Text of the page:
A case of friendly fire? More than 50 US diplomats sign a memo of dissent demanding a shift in Syria. Also teachers face police in a standoff on a highway. The result? 6 teachers killed in Oaxaca. We’ll hear what’s behind the protests. Plus an offer to the LGBT community in Houston takes an unexpected twist as hundreds sign up for gun classes. Also one of the most famous names in Texas retail —on the ropes? Plus—more than a dozen police officers on mandatory leave as a department investigates false reports of traffic stops. The officers blame a culture of quotas. All those stories and lots more today on the Texas Standard:
In this episode of Views & Brews, KUT’s Rebecca McInroy joins Egyptian-based photojournalist Tom Hartwell and Dr. Paula Newberg from the UT Dept. of Government, in a discussion about the process of covering conflict in the Middle East. How are images framed and selected for distribution? How do news stories highlight particular narratives, and at what cost? And what can we, in the US, do to better understand what’s going on in the Middle East?
In this edition of The Secret Ingredient we talk with Gary Nabhan, author of: Chasing Chiles – Hot Spots Along the Pepper Trail; Why Some Like It Hot: Food, Genes and Cultural Diversity; and Cumin, Camels, and Caravans: A Spice Odyssey. Nabhan is an internationally-celebrated nature writer, food and farming activist, and proponent of conserving the links between biodiversity and cultural diversity. He is also the W.K. Kellogg Endowed Chair in Sustainable Food Systems at the University of Arizona Southwest Center, where he works to build a more just, nutritious, sustainable and climate-resilient foodshed spanning the U.S./Mexico border.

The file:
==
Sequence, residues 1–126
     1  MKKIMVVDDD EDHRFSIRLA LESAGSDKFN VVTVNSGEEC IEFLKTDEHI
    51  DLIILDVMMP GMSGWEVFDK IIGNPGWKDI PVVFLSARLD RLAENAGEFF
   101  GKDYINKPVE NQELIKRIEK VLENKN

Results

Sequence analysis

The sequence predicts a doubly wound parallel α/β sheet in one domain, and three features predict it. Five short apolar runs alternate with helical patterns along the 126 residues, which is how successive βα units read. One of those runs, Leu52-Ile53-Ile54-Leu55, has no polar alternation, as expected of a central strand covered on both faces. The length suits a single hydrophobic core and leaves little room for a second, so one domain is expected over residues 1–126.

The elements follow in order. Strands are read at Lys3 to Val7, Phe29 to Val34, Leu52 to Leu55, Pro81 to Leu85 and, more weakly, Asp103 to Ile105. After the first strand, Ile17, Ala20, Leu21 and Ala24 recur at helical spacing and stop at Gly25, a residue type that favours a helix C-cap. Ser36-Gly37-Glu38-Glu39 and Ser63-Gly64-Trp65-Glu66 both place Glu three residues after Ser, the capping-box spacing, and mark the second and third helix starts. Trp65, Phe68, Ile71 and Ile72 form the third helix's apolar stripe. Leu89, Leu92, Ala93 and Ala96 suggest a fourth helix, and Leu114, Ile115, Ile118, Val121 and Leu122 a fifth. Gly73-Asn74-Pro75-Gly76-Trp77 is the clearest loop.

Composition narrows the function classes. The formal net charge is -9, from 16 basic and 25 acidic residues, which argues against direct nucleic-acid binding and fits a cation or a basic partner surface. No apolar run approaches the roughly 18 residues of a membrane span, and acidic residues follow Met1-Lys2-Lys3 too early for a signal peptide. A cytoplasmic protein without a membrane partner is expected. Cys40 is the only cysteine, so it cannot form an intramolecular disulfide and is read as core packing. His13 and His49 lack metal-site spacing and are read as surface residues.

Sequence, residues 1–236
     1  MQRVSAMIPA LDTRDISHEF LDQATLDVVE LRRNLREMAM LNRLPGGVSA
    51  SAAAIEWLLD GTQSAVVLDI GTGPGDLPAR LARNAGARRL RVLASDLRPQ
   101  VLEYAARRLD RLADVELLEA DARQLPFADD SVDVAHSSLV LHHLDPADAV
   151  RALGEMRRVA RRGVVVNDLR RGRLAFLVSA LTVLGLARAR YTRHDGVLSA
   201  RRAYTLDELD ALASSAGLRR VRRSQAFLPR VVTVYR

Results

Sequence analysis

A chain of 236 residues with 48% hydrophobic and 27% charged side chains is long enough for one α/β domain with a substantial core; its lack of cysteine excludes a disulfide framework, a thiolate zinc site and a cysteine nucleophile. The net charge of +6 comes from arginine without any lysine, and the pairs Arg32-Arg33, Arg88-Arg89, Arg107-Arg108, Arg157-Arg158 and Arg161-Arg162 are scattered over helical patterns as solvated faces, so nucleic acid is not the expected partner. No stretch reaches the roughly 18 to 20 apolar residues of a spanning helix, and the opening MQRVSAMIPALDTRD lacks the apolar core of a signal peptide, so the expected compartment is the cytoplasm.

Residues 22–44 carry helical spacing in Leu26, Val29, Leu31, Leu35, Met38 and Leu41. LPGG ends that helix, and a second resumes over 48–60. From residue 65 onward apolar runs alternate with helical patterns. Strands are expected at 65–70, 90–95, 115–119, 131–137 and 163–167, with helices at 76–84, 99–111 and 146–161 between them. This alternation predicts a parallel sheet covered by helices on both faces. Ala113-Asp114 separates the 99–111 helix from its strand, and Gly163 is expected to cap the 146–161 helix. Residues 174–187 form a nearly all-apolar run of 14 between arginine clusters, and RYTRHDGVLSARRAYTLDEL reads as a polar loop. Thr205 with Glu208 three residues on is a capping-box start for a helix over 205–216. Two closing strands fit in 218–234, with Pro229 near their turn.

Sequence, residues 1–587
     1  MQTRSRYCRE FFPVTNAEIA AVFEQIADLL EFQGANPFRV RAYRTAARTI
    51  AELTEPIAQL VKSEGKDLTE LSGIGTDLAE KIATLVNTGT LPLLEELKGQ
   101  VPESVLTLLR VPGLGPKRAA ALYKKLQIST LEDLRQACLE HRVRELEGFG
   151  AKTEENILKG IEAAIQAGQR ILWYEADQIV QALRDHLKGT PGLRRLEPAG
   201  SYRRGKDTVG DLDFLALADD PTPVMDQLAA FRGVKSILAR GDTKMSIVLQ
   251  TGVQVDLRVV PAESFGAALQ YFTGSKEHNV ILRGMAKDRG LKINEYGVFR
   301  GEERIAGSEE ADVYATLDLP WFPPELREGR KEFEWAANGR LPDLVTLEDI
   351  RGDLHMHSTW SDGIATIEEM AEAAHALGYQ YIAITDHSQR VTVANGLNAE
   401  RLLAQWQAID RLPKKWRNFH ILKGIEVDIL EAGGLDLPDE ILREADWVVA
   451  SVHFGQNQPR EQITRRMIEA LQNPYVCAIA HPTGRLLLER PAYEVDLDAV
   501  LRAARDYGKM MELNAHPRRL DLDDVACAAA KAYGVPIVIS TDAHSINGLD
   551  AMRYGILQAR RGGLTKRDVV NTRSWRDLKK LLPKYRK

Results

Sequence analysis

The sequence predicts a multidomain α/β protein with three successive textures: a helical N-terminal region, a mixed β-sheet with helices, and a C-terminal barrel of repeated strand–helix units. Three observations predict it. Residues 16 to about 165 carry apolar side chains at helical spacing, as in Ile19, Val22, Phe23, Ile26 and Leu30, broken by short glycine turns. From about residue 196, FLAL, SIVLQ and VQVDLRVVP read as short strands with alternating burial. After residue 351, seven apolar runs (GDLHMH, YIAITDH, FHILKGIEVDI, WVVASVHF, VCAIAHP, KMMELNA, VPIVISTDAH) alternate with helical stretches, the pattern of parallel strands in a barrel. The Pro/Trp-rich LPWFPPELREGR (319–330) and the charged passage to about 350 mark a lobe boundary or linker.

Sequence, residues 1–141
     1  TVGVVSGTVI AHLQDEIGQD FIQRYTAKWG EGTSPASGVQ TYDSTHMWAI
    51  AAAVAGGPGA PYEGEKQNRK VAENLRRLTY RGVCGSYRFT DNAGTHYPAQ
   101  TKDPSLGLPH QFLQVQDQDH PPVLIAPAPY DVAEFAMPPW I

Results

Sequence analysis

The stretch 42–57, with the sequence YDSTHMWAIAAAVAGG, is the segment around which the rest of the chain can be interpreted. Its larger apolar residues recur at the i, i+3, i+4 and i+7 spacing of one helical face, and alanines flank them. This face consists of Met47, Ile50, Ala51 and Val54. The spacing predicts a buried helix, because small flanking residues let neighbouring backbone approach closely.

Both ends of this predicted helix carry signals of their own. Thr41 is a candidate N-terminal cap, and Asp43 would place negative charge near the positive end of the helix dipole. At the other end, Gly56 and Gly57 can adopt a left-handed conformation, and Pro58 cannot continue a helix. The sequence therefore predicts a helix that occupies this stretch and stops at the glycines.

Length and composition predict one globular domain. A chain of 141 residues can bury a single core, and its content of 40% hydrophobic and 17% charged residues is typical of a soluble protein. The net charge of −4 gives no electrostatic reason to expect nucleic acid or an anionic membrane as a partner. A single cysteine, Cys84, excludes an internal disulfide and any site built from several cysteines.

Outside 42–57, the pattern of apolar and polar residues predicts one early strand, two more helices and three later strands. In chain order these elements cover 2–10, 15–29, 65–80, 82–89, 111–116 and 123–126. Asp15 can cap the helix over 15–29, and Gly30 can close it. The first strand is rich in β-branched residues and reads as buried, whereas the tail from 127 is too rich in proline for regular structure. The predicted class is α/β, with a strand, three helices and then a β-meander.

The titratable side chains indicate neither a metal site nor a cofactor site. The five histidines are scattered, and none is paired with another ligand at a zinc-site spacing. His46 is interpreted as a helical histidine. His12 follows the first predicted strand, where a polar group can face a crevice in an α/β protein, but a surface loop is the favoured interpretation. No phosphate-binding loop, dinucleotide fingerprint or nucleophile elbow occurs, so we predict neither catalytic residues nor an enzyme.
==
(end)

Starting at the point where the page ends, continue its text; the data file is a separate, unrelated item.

About the hosts:
Raj Patel is an award winning food writer, activist and academic. The author of Stuffed and Starved: The Hidden Battle for the World Food System, and his latest, The Value of Nothing, is a New York Times best-seller.
Tom Philpott is an award winning food writer for Mother Jones, who’s ground-breaking work on almonds exposed a myriad of environmental and ethical issues around almond production in California.
Rebecca McInroy is an executive producer and host for KUT Radio in Austin, Texas. She is the co-creator, producer and host of various podcasts and shows including, Views and Brews, Two Guys on Your Head, Liner Notes, The Write Up, and The Secret Ingredient.
In each episode we chose one food to investigate, and talk with the people who’s life’s work has been to understand the complex systems of production, distribution, marketing and impact, these foods have on our lives.
In this special edition of Views & Brews, CBS & 60 Minutes reporter Lara Logan is joined by Director of the UT Center for Middle Eastern Studies Dr. Karin Wilkins, Assistant Director Chris Rose, and journalist Tracy Dahlby to discuss the current state of foreign correspondence in the Middle East, the Islamic State, modern reporting and its implications.